Conan O’Brien Can’t Stop reveals the man inside the hair
By Sean-Paul Boynton
In the 1979 retrospective film about The Who, The Kids Are Alright, an archival interview clip of Pete Townshend is shown in which he explains that when he’s onstage, he’s a completely different person. The film ends up supporting that claim by juxtaposing footage of his (mostly) humble, soft-spoken, and friendly and inviting offstage demeanor with sudden glimpses of the brutally savage and destructing beast he becomes in concert.
Conan O’Brien Can’t Stop, a documentary by Rodman Flender that follows the titular comedian during his two-month Legally Prohibited From Being Funny On Television Tour of 2010, works in much the same way in establishing the duel personality of the professional performer, yet O’Brien’s case is the exact opposite of Townshend’s. Onstage, Conan is shown to still be the most charming and effortlessly funny personality to ever come out of the world of late night television, and spends much of his time trying (and often succeeding) to bridge the inevitable gap between himself and his audience.
Offstage, however, is a different story. Much has been written already of how the film shows O’Brien with his staff and his friends once the audience is no longer in view. He randomly hits a few of them, berates nearly all of them, and as Flender’s camera shows (yet doesn’t exploit nor underline), ends up making all of them at least a little bit uncomfortable. The fact that all this behaviour is delivered in Conan’s trademark wink-wink-it’s-only-a-joke style doesn’t soften the blow.
To be fair, the backstage atmosphere that Conan O’Brien Can’t Stop shows is likely not representative of the way things are today, or five years ago. The tour that provides the film with its narrative was a spur-of-the-moment idea that came right after O’Brien’s premature and nasty departure from the hallowed Tonight Show and NBC, and the man on camera here is still reeling from losing his dream job. He’s angry, bitter, depressed, and most of all hungry for a chance to interact with an audience and hear that mass laughter and applause he had gotten accustomed to after nearly 20 years in the business. So he announces a comedy tour on Twitter and, once it becomes clear that nearly all the tickets have sold out in a couple of hours, he scrambles to put a show together.
The formation of the show provides the majority of the uncomfortable moments mentioned above, as he consistently takes charge of the brainstorming sessions with his writers to spitball jokes that are essentially jabs at NBC, Jay Leno, and the fact that he was royally screwed. More than once, we see O’Brien leap into an inspired dig at his unemployment that has his writers either chuckling or howling, and yet he proceeds to take the joke over the line of humourous self-parody and into the realm of the uncomfortably real, and we see the true hurt feelings and rage behind the mask. This is a man on the edge, and as the title makes clear, the film shows a Conan O’Brien who’s unwilling or unable to do what most people in his position would do: take a break, hide from view for awhile, clear his thoughts and reemerge fresh. Instead, he just keeps going, onto the next thing, regardless of the fact that he’s still carrying all of his pain and anger with him as baggage.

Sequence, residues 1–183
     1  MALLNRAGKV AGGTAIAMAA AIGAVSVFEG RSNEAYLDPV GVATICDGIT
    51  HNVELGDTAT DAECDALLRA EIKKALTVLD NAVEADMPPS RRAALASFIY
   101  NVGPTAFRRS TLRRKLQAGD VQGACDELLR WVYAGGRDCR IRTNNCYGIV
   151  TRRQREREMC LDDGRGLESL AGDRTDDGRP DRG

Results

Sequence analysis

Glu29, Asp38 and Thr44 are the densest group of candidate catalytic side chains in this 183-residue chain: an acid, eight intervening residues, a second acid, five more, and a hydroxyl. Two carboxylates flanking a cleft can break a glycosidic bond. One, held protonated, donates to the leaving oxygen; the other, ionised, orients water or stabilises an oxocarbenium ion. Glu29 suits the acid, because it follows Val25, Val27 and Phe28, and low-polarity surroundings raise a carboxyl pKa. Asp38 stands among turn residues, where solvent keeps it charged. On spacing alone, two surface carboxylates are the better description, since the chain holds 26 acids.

Once the tour gets underway, however, we begin to glimpse a second, more inspiring and moving story that hides under the main point Flender seems to be making of an obsessive and attention-hungry performer. As O’Brien and his staff travel the country, hitting small towns and big cities along the way, we see Conan becoming more confident in himself after every show, and the anger and bitterness begin to slip away to reveal the fun guy we have always known. And with that cynicism disappearing, Conan’s interactions with the people around him become increasingly warm and appreciative.
Surprisingly, the most representative and touching aspect of this theme and the film itself is not the relationships the star has with his wife, his kids, or even his longest-serving staffers, but rather the relationship between O’Brien and his young assistant, Sona. While we first get the impression that Sona is simply an easy and obvious punching bag for her employer (at one writers meeting, Conan insists Sona, like his (all male) writers, speak into a banana if she wants to be heard; the obvious connotations of forcing a woman to hold and speak into a phallic object in order to gain attention and respect from men is not lost on her, or us), it soon becomes clear that Sona is undoubtedly one of the few people – along with his wife, his producers Gavin Polone and Jeff Ross, and his longtime friend and sidekick Andy Richter – that Conan can consistently rely on.
As O’Brien shakes away the hurt and the sorrow, his jokes shared with friends and staffers start to sound more like jokes, rather than veiled threats and barbs. The shows even get better. By the end of the tour and the film, after the final show in Atlanta, O’Brien and Sona share a deeply affectionate hug in a hotel room that is able to communicate both Conan’s shame in himself for his treatment of his assistant two months before, as well as his pride in her for sticking it out with him and always being at the ready when needed (which she proves to be throughout the film).
As Sona leaves, we see she is crying, yet also smiling, because she appears to know what we also pick up on at that moment: that this tour has saved Conan O’Brien from his bitterness, and he finally can move on. Early in the film, O’Brien tells the camera, “Sometimes I’m so mad I can’t even breathe.” By the end, it’s clear that the man the world has come to affectionately call CoCo can breathe a little easier, and as seen on his new TBS talk show, it just keeps getting better all the time.